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Television's Effect On Reading And Academic Achievement
Did you know?
American children, ages 2-17, watch television on average almost 25 hours per week or 3 ½ hours a day. Almost one in five watch more than 35 hours of TV each week (Gentile & Walsh, 2002).
Twenty percent of 2- to 7-year-olds, 46% of 8- to 12-year-olds, and 56% of 13- to 17-year-olds have TVs in their bedrooms (Gentile & Walsh, 2002).
Children spend more time watching television than any other activity except sleeping.
Television’s impact on reading and other academic skills depends not only on the amount of television watched, but also on what is being watched as well as the age of the child (Reinking, 1990).
Successful readers read often.
Studies have shown that children who watch carefully constructed educational programs that are aimed at their age level (such as Sesame Street), do better on pre-reading skills (at age 5) than children who watched infrequently or not at all (MacBeth, 1996, Wright, et al., 2001).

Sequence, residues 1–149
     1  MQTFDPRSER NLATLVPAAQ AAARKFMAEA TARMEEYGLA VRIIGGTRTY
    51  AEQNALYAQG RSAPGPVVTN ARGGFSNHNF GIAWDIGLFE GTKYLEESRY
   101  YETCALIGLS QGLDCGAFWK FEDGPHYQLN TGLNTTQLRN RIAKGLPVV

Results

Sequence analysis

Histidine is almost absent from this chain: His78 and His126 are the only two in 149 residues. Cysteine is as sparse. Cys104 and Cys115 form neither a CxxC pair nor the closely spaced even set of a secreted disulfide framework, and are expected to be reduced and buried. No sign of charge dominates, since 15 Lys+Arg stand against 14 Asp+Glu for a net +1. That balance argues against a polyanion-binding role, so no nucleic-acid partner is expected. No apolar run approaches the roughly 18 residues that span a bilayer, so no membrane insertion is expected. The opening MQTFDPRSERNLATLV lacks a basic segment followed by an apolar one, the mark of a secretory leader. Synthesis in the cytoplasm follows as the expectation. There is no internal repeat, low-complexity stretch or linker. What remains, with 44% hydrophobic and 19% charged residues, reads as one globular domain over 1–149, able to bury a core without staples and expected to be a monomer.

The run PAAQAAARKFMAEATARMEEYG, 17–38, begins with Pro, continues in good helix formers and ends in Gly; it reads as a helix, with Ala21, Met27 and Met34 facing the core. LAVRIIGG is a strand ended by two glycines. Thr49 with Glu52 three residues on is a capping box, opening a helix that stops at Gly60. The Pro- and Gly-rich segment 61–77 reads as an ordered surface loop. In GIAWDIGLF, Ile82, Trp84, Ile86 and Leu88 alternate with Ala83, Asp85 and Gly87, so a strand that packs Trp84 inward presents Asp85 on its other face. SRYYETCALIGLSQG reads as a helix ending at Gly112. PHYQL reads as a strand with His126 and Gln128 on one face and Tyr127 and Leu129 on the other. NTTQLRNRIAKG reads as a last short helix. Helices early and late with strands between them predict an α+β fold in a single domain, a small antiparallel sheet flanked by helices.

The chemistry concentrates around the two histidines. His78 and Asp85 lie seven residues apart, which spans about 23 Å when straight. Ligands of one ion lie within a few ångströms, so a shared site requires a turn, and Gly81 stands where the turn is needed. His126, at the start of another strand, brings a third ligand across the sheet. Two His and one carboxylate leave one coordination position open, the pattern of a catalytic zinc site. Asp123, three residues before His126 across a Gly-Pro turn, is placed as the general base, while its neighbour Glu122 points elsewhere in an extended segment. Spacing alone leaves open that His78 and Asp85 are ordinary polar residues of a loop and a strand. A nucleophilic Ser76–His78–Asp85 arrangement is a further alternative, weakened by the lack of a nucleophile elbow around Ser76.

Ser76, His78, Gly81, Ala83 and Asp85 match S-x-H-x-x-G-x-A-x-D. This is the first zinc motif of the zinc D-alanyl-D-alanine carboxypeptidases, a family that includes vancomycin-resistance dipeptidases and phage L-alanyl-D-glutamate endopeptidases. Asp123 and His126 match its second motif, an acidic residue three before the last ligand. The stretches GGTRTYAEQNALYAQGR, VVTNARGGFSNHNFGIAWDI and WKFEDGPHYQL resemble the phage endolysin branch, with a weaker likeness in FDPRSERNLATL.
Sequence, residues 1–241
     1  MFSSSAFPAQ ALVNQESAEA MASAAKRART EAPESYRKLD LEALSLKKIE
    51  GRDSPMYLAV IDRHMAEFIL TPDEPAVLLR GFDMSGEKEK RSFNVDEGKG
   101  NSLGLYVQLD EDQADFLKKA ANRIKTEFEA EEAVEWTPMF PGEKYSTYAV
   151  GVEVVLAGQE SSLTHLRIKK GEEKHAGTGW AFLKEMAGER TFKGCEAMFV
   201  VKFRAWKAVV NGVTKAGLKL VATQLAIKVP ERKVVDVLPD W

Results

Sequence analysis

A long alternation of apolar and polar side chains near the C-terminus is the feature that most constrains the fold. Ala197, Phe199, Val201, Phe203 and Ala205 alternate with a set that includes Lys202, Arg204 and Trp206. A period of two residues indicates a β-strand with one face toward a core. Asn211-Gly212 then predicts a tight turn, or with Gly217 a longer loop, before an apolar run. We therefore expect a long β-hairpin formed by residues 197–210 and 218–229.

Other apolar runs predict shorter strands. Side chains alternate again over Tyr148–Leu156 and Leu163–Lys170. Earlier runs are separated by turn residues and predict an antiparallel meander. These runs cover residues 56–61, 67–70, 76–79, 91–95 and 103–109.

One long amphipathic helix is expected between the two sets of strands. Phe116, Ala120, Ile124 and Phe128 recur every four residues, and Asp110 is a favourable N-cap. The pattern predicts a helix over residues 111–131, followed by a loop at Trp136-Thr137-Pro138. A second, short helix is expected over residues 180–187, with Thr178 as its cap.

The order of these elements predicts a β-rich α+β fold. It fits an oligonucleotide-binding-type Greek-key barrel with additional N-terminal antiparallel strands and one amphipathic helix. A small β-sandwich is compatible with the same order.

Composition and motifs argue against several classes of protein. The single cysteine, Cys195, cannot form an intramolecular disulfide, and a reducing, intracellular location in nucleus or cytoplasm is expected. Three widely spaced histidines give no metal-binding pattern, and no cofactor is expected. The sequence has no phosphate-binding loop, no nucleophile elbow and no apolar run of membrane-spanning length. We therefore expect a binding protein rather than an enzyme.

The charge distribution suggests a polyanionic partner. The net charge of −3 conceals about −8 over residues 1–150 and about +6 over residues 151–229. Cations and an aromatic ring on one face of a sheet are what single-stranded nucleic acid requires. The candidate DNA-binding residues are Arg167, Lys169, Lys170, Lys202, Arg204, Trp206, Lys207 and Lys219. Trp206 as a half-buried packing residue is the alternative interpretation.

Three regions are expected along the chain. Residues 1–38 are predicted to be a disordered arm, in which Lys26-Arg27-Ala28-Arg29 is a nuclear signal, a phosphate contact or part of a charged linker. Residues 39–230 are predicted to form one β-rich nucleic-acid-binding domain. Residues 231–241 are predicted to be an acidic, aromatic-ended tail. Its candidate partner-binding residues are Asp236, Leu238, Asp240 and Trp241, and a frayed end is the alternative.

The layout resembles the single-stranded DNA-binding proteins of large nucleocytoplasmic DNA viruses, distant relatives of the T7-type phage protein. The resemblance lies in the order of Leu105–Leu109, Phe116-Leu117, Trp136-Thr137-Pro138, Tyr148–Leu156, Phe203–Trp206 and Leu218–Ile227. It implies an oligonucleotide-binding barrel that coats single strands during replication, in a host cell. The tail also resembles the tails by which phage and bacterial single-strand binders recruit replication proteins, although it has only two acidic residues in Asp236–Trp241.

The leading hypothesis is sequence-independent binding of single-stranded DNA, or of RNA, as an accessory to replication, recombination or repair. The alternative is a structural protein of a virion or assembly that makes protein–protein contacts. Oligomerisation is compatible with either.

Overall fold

These same studies further show that children who watch cartoons or other purely entertainment television shows during their pre-school years, do poorer on pre-reading skills at age 5 (MacBeth, 1996).
Children between the ages of 3 and 5 are at a critical stage in brain development for the development of language and other cognitive skills. The extent to which heavy television viewing can influence the development of brain neural networks, and displaces time the child would spend in other activities and verbal interactions, influences early cognitive development.
Early elementary school age children
Children achieve more success in early reading skills if they have...